The climate of the Mason City Destination differs from season to season. The summer months are found to belong and warm/wet, while the winters are freezing with snow and wind. Overall, it is partly cloudy year-round. The warm season on average, lasts about four months with an average high temperature of 71 degrees Fahrenheit. On the other hand, the cold season lasts three months, with the average temperature below 37 degrees Fahrenheit. The wetter season in the region is from April to September, with each day having an average 27% chance of rain. December averages four and a half inches of snow. It is highly recommended that visitors consider planning their travels between June and September when the weather is warmer and provides more opportunities to enjoy the outdoor activities that the area has to offer.[8]


The Mason City Destination was first home to the Winnebago and Sioux Indian tribes but was later claimed by the Europeans as they expanded westward in the 1800s. John Long and John Bilford were the ones to claim the land’s timber resources, settling along the Winnebago River. John Long named the area from Shibboleth to the Masonic Grove to honor the Order of Freemasons but later renamed it to Masonville after his son died. Although the name didn’t last much longer since there was already another city named Masonville, the city’s official name eventually became Mason City. Fort Dodge and Mason City established a railroad line through the area in 1866, which opened the doors for the region to expand and grow. The area soon became a prominent retail and manufacturing center, primarily through The Brick and Tile Company and the Northwestern State Portland Cement Plant in 1906. During this same time, Frank Lloyd Wright came to the city and left his architectural work behind in newly built buildings. The last remaining hotel constructed and designed by Wright is the Park Inn Hotel, located in Mason City.[1]

A historical treasure to the region is the First National Bank, known as City Center. The bank was robbed by John Dillinger and his gang, who was notorious for robbing banks in the midwest and destroying foreclosure records, which saved many farmers in the area that were still suffering from the effects of the Great Depression. Another favorite aspect of the destination is the musical story River City. Mason City is the town in Meredith Wilson’s The Music Man. Mason City now has an area designated to honor this production in their Music Man Square, where Wilson’s memorabilia and a replica of the original movie are displayed for tourists to see.[1] Clear Lake area was the location of the tragedy behind the popular American song, “American Pie.” On February 3, 1959, the musician’s Buddy Holly, Ritchie Valens, and J.P. Richardson were killed in a plane crash after performing at Clear Lake. The event was later called “The day the music died.” [3]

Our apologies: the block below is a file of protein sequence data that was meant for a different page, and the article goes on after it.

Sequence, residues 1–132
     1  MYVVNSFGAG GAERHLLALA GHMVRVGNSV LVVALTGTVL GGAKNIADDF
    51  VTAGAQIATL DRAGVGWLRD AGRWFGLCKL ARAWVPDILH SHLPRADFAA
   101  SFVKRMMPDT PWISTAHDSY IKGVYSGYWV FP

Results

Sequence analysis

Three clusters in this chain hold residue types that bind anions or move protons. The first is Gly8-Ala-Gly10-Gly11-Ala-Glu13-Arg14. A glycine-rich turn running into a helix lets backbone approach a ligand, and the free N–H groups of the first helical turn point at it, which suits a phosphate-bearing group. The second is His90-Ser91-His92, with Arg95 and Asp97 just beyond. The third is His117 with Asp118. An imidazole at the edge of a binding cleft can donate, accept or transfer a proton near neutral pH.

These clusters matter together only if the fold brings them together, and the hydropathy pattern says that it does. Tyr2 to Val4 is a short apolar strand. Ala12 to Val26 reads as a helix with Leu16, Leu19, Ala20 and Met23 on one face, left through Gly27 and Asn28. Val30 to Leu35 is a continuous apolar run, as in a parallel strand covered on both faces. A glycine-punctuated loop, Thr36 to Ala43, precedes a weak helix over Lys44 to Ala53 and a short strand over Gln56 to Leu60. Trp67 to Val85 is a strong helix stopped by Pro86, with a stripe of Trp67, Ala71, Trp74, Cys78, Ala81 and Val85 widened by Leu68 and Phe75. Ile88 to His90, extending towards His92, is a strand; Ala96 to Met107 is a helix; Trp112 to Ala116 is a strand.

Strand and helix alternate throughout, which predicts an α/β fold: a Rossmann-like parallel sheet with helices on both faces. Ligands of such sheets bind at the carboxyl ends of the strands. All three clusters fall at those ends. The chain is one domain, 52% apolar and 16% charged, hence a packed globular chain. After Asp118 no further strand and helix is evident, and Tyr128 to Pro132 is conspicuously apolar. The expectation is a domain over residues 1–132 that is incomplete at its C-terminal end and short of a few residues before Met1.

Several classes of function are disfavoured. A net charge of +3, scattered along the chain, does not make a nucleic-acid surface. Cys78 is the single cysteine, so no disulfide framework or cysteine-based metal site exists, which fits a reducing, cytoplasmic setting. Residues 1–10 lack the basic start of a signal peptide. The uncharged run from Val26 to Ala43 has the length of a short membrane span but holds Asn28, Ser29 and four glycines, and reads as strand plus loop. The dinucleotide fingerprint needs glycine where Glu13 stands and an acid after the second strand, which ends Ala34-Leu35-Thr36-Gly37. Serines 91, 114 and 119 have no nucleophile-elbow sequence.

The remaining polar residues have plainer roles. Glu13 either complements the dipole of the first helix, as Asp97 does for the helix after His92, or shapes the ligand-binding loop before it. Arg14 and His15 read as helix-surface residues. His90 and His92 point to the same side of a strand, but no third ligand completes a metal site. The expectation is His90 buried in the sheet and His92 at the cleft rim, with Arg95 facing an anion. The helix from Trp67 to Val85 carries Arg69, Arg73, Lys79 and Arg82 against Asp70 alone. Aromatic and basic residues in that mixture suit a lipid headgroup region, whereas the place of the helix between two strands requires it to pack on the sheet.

The region has grown immensely in size and through the economy since it was first established by John Long and John Bilford in the 1800s. The population now sits at 27,309 people and continues to slowly but steadily grow.[4] The economy has seen tremendous growth and diversification through the addition of railroads in the region. The industries that have been established in the zone include manufacturing wood products, processed foods, ice machines, and rubber gaskets.[5]

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Just outside of the town of Forest City, Iowa, one can find Three Fingers Campground. The 75-acre property features a 20-acre lake that guests are welcome to swim, boat, and fish on, as well as 118 RV sites and a cabin. Each of the RV sites offers full 50-amp hookups, a fire ring, a picnic table, and a cement pad. Depending on the site reserved, the space may be either back-in or pull-through. It should be noted that 9 of the 118 sites are designated as short-term rentals for patrons staying overnight or for a couple of weeks at a time. The cabin comes fully furnished with a bedroom, kitchen, living area, and patio. Denise, one of the owners, hopes that guests will feel welcome during their stay. There are a number of varied local attractions that people staying at the park usually visit, including the Winnebago factory and the state parks and conservation areas in the region.